6. 4 out of 5

    Bryn Hammond

    I have loved, do love and shall love Housman. Way out of fashion, like my other young love Swinburne. I spent more time with them than with those thought better poets, early in life, and have no regrets. It's true the alt sexuality helped in both cases. Perhaps I can liken Housman to the lyrics of The Smiths. I think I can. I have loved, do love and shall love Housman. Way out of fashion, like my other young love Swinburne. I spent more time with them than with those thought better poets, early in life, and have no regrets. It's true the alt sexuality helped in both cases. Perhaps I can liken Housman to the lyrics of The Smiths. I think I can.

  7. 5 out of 5

    Rhys

    My favourite ever book of poems. However, there are actually four books of poems collected in this one volume and they are not of equal quality. In fact the quality declines. This is because the final two books were posthumous collections put together by Housman's brother and it is highly unlikely that Housman himself would have approved of this. Nonetheless the strength of the first two books A Shropshire Lad and Last Poems is such that it doesn't matter that the posthumous collections are weak My favourite ever book of poems. However, there are actually four books of poems collected in this one volume and they are not of equal quality. In fact the quality declines. This is because the final two books were posthumous collections put together by Housman's brother and it is highly unlikely that Housman himself would have approved of this. Nonetheless the strength of the first two books A Shropshire Lad and Last Poems is such that it doesn't matter that the posthumous collections are weaker. If anything the weaker books set the former two in context and show just how brilliant the earlier books are. Having said this, there are still truly excellent poems to be found in the two posthumous books. As for A Shropshire Lad I avoided it and Housman for years because (for some strange reason) I assumed it was going to be dull, flowery and typically Victorian. It isn't. Far from it! The lyricism of these incredibly concise and refined poems is as extraordinary and moving as the poems in what was previously my favourite poetry collection of all time (FitzGerald's translation of The Rubaiyat of Omar Khayyam) but their range is greater, although still focused mainly on a specific set of very important themes, namely longing, the passing of time, impossible love, transience, honour and friendship. Housman has successfully achieved what is the ultimate aim of the very best poetry. To take an emotion and transfer it directly (or almost directly) into the mind and heart of a reader. This is an act akin to telepathy. For whole moments at a time we are sharing Housman's feelings so perfectly that we are him and also everyone else who has ever had that emotion. It's a phenomenon of human community and continuity that bypasses the usual constraints of time and space. I read books and then I give them away to other people who I think might enjoy them. It's very rare that I keep books I have read. Only a handful of books fall into this category. This book will be one of those. I will keep it, cherish it and no doubt consult it from time to time, replaying the magnificent rhythms of his superb poetry, probably until I know many of the poems by heart.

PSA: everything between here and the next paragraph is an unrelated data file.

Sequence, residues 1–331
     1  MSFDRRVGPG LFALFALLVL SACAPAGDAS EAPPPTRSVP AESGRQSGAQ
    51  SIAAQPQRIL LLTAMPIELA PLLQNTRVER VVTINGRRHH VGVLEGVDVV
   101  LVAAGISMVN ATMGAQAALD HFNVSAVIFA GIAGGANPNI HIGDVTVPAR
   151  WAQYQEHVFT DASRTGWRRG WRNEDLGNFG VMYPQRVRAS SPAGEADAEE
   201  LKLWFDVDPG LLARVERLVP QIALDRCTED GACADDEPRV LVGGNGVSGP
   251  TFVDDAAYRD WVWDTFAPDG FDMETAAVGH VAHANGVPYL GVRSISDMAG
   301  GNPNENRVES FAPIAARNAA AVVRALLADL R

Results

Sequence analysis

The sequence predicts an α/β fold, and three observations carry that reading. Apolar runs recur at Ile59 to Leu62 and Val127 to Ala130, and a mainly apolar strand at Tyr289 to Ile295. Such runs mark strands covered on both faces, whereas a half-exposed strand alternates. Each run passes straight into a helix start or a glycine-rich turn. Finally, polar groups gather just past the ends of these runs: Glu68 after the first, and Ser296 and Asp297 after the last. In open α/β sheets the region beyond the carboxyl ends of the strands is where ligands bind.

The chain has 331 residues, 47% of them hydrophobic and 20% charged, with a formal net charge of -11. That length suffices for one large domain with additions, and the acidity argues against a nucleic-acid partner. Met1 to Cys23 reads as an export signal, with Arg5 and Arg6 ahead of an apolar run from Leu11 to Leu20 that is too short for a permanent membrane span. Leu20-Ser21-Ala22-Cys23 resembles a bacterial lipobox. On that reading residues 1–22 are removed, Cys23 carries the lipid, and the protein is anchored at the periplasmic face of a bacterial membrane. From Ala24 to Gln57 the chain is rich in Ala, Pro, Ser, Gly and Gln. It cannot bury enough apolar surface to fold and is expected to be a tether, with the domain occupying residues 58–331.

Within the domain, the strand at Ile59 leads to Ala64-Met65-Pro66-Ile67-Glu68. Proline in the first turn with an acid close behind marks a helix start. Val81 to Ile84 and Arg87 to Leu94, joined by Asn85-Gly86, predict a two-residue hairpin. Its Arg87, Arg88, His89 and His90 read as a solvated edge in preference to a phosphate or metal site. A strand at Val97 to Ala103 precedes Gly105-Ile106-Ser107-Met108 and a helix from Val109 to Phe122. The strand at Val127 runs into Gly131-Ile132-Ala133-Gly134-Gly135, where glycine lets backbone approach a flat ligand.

8. 5 out of 5

    Gui

    To an Athlete Dying Young The time you won your town the race We chaired you through the market-place; Man and boy stood cheering by, And home we brought you shoulder-high. Today, the road all runners come, Shoulder-high we bring you home, And set you at your threshold down, Townsman of a stiller town. This is one of my favorite poems in this collection. I like it so much that I can't see how any lover of poetry could fail to respond to it. To an Athlete Dying Young The time you won your town the race We chaired you through the market-place; Man and boy stood cheering by, And home we brought you shoulder-high. Today, the road all runners come, Shoulder-high we bring you home, And set you at your threshold down, Townsman of a stiller town. This is one of my favorite poems in this collection. I like it so much that I can't see how any lover of poetry could fail to respond to it.

  9. 5 out of 5

    Meg

    favorite poem Untitled by A.E. Housman I to my perils Of cheat and charmer Came clad in armour By stars benign. Hope lies to mortals And most believe her, But man’s deceiver Was never mine. The thoughts of others Were light and fleeting, Of lovers’ meeting Or luck or fame. Mine were of trouble, And mine were steady, So I was ready When trouble came.

  10. 4 out of 5

    DoctorM